PAPER will present the second of a series of two-person shows, offering their artists an opportunity to showcase overlapping themes within their work. For these two-person shows, PAPER transforms itself into an incubator space, allowing an emerging artist their first exhibition or providing a more established artist, the opportunity to experiment. Naomi Lethbridge is currently in Chongqing, China, undertaking an artist residency at 501 Artspace, an opportunity arranged via Chinese Arts Centre. She graduated from the Masters at Manchester Metropolitan University in 2009. Andrea Cotton is one of the founders of PAPER. She completed her Master in 2010 at Liverpool John Moores University. Her work is the direct product of her long teaching experience in a high security prison.
Andrea Cotton presents her insiders perspective in these meticulously executed drawings. Using pen or pencil on paper she creates carefully controlled, repetitious, and obsessive works that explore the tightly controlled prison system, which inevitably mould not only those in custody but the custodians themselves. Everything in a prison is laboriously counted, listed and recounted in a relentless daily regime which structures a mechanistic world that seeks to nullify the individual. Counting imposes artificial order, dehumanises, and punishes. Andrea repeatedly returns to this fundamental theme of the institutionalised drive towards exactness and the necessity of counting and her art responds to objects and dialogues she encounters on a daily basis. Her drawings depict the acts of defiance in which everyday objects are transformed to create necessary items which can function as a means of barter.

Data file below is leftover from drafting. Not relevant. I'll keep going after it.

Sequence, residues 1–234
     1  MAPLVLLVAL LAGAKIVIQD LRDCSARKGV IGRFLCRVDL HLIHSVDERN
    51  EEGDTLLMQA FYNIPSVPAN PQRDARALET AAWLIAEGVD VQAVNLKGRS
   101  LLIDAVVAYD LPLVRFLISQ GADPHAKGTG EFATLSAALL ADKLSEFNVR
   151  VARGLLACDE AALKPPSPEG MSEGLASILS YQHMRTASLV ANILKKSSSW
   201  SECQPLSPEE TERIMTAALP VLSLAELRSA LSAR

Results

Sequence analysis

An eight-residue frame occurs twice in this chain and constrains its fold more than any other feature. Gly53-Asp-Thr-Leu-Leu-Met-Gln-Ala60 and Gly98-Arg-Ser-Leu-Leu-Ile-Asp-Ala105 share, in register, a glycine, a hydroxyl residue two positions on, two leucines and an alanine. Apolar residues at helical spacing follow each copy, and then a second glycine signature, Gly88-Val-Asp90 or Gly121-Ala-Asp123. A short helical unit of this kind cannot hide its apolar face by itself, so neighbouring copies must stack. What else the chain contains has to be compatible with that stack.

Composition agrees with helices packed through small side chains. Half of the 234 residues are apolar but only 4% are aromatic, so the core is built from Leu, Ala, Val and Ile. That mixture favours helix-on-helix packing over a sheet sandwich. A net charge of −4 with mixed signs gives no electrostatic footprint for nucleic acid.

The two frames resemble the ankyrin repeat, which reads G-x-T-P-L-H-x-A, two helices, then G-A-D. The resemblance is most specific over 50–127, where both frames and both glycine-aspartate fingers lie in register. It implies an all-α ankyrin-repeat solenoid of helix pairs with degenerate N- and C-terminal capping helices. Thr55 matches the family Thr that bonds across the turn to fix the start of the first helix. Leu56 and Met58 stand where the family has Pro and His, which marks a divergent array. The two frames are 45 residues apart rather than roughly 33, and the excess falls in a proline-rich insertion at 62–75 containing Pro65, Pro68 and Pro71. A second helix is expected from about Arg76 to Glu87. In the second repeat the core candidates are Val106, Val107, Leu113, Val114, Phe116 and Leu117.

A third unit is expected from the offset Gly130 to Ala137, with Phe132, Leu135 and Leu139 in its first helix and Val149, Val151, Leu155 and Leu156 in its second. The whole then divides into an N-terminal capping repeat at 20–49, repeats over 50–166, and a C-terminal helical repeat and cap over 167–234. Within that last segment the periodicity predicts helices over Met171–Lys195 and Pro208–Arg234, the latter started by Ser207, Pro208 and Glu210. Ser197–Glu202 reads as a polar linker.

The forms that Naomi Lethbridge creates serve as a record of her labour. In her intricate pen drawings, lines are accumulated in a systematic technique, reducing any subject to a democratic language. By using a purposefully limited means of creating an image or form, a new entity can be created from its most basic beginnings, with each element under her control, regardless of the nature of the work. Collections, whether of ideas, information, experiences, greatly influence Naomi’s work, and the practice of classification, as a method of interpreting the surroundings, informs the aesthetic and concept. The style and its often eclectic and quirky nature is reminiscent of an historical approach towards acquiring knowledge, expressing the desire to know, understand and organise all that surrounds, and to commemorate it in physical form.